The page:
Our good friend and contributor, 'indigopirate', patiently and, I surmise, painfully listened to it all. Here is his insightful comment:

A couple of thoughts and impressions re this most recent meeting:

The overall course, despite voiced and well-justified urgency bordering on desperation is one of drift, discussion, postponement, eg, Interim Executive Director Lydia Brazon’s observation that she hadn’t actually moved to seek or evaluate LMA/PSOA proposals as yet, and that there was no real reason to rush as it was clear that any such process would be ‘very complicated’ and ‘lengthy’.

General Manager Berthold Reimers continues to emphasize placing past blame on circumstances beyond his control and to project optimistic fund-raising expectations based on… nothing at all, really.

A curious point, to my mind, re Reimers, is that he stated as he has at a few points in the past that WBAI is uniquely situated with respect to access to the arts in all their forms and that he feels that there ought be far more such programming as there once had been. Yet nothing of this sort seems to actually happen.

It’s really impossible to meaningfully speculate as to the outfall of WBAI and Pacifica’s financial situation since in reality very nearly all of it is held close to the vest and is unavailable to the public in any form. It seems fairly clear that it’s become fairly desperate, having followed a path of longstanding decline inching inevitably toward what would appear to be some form of collapse, particularly given the fact that while some voices have made clear how dire the situation is and some have made that even clearer by moving on, presumably having concluded the little ship Pacifica cannot summon the will or the means to save itself.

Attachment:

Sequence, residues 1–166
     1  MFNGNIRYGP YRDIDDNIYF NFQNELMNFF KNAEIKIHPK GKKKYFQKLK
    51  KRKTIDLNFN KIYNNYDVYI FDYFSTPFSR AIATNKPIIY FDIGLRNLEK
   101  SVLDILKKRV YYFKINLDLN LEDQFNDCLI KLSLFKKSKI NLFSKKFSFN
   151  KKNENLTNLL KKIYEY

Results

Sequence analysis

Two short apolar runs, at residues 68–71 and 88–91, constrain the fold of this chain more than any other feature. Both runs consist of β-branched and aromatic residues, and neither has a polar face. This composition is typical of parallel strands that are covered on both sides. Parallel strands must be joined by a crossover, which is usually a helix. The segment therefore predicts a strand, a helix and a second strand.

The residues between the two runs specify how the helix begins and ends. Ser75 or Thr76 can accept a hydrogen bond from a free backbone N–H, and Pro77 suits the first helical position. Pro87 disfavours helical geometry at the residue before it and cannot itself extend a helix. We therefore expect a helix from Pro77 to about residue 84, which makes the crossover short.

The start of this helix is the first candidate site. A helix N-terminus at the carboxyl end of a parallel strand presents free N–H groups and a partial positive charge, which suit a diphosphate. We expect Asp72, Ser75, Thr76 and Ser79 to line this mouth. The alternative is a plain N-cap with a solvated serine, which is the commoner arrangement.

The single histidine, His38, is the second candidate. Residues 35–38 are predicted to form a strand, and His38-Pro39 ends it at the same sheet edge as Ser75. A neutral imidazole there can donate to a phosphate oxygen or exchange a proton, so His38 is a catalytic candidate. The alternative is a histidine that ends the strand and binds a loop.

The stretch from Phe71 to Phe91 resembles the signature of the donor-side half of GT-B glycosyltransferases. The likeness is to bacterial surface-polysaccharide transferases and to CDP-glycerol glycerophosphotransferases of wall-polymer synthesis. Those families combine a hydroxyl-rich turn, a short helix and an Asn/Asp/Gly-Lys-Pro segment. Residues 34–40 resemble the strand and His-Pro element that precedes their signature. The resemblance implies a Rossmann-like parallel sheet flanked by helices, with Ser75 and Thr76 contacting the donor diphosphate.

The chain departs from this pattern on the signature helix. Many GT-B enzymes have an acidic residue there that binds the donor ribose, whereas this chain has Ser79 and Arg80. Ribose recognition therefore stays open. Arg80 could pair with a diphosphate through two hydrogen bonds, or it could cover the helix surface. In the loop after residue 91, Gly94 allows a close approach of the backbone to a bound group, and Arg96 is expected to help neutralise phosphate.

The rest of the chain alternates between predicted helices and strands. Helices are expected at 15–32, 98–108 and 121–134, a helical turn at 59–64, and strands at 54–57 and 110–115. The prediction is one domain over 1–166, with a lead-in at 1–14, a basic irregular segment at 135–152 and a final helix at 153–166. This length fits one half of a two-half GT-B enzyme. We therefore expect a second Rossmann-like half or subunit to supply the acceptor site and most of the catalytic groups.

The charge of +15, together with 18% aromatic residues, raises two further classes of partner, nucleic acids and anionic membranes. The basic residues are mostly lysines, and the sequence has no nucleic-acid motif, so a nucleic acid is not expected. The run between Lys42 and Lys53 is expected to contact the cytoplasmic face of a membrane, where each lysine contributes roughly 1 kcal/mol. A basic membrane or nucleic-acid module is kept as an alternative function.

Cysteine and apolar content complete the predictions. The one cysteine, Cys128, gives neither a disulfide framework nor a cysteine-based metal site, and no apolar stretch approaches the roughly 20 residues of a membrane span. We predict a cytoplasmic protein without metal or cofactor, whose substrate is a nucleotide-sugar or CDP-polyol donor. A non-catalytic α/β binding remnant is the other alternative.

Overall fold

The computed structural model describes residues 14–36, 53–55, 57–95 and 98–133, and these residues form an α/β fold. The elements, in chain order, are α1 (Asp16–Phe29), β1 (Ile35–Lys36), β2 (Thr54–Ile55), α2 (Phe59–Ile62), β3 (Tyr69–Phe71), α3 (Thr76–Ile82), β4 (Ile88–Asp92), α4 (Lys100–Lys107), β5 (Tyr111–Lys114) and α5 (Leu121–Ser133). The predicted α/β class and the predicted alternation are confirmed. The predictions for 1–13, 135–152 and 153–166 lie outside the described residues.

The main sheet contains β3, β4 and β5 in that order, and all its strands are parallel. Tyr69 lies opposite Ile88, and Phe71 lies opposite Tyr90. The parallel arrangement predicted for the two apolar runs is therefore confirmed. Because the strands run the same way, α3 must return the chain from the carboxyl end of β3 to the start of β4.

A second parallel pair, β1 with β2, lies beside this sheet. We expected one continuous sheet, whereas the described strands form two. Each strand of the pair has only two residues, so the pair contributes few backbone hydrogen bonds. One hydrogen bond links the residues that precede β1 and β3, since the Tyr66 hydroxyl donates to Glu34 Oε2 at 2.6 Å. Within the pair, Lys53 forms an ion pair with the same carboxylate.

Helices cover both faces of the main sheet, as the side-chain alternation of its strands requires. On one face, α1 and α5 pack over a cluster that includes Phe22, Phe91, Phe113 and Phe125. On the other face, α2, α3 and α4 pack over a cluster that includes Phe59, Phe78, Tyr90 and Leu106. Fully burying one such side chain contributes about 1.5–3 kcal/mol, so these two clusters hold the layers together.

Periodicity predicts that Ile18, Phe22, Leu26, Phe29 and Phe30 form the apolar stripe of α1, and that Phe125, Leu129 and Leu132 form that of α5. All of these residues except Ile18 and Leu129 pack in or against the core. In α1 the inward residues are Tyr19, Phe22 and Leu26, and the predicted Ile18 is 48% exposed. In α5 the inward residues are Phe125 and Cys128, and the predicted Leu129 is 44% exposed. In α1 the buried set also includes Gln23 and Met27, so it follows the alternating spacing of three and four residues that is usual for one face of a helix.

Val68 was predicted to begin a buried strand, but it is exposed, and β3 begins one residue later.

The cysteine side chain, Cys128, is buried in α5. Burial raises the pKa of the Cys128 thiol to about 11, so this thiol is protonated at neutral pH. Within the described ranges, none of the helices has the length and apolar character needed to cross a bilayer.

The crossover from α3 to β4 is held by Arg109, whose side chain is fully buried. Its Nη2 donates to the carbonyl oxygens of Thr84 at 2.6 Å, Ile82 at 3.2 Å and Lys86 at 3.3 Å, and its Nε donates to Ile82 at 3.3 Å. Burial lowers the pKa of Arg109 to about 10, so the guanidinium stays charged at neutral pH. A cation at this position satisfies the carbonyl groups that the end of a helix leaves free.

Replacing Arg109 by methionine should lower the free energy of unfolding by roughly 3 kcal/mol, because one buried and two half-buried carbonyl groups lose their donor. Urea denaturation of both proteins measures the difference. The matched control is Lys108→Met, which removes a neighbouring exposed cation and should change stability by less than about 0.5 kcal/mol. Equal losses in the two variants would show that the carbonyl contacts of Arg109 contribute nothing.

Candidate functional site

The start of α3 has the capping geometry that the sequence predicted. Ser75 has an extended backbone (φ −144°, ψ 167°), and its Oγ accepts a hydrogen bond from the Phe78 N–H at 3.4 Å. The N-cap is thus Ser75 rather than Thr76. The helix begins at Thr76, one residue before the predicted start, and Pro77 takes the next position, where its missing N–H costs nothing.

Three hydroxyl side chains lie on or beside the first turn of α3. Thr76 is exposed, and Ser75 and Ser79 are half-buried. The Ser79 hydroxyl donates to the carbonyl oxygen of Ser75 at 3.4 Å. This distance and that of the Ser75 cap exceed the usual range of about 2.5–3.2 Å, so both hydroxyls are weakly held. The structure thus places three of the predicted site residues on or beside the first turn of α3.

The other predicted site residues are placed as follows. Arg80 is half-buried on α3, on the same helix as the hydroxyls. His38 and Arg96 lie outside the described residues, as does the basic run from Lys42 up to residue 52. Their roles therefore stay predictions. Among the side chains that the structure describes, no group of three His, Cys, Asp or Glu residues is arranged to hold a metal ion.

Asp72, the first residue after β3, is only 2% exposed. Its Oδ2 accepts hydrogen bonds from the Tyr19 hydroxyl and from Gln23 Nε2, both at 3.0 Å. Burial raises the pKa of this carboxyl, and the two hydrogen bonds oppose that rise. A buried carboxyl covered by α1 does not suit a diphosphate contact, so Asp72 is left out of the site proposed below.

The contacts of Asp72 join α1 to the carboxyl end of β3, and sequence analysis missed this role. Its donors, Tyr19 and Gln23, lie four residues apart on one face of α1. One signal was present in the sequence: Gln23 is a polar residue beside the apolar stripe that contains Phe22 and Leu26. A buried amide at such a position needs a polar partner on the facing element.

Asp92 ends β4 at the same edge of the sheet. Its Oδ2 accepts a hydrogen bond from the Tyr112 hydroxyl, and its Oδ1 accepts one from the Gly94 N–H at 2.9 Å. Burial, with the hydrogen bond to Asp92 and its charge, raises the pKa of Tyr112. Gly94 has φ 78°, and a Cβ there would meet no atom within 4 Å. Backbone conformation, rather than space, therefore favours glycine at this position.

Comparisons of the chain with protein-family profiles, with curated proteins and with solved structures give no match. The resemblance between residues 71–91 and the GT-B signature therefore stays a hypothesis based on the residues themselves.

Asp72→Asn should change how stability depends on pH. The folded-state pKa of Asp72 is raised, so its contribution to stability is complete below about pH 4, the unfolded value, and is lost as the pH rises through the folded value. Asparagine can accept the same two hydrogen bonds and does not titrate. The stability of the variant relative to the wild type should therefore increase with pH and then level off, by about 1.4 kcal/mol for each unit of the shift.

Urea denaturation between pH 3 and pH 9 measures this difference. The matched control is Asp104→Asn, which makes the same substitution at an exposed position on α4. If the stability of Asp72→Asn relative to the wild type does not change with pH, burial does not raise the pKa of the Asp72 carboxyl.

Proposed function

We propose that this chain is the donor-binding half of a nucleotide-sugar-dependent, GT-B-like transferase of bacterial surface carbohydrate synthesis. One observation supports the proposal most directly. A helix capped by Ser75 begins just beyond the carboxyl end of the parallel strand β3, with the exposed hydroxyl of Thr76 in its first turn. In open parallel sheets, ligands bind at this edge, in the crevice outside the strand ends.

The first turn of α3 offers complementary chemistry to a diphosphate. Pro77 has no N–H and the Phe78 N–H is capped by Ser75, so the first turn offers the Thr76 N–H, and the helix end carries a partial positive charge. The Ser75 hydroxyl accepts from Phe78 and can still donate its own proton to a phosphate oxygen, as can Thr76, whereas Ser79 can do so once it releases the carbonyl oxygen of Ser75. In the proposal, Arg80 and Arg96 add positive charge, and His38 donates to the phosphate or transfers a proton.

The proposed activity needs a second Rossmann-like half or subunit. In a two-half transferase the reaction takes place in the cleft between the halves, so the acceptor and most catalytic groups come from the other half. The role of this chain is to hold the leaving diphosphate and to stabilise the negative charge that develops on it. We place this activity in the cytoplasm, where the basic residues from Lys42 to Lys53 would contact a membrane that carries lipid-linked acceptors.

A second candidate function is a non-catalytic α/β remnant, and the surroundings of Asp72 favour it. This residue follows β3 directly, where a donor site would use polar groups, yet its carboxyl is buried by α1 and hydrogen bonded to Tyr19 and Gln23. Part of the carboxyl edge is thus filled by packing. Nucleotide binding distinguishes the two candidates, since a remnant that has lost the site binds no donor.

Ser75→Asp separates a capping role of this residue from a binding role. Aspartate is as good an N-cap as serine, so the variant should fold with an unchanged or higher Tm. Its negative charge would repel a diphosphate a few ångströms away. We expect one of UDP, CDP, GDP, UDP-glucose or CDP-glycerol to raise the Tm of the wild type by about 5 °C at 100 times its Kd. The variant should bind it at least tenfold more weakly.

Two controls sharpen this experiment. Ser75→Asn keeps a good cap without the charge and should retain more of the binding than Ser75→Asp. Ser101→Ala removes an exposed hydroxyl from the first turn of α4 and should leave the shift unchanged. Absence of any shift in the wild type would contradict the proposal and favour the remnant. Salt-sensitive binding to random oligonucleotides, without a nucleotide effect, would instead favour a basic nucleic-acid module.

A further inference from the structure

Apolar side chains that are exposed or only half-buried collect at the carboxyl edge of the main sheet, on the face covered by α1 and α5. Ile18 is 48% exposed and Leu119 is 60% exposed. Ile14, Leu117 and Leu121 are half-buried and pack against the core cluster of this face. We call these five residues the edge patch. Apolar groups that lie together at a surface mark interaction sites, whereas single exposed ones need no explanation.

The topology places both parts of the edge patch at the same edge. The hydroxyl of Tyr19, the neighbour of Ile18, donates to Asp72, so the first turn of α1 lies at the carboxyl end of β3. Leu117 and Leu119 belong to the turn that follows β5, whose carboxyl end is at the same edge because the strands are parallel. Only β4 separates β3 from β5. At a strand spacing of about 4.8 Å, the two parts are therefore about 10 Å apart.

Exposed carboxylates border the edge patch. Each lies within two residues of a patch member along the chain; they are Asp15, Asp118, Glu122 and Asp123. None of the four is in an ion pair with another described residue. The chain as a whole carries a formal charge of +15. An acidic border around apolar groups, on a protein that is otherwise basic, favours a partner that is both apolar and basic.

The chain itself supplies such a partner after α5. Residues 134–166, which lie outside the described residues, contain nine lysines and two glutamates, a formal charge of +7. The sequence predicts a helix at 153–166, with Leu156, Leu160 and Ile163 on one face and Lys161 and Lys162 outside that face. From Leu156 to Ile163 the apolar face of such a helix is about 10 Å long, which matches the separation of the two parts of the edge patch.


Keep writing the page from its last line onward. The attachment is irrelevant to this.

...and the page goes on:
Essentially, it seems to me, we have an institution that demonstrably cannot save itself and would reject any and all external attempts to save it from itself – though at this point it’s difficult to imagine anyone interested in the latter given their long decline to bitterness, eternal internal struggle, and abject hatefulness and irrelevance.
~ ‘indigopirate’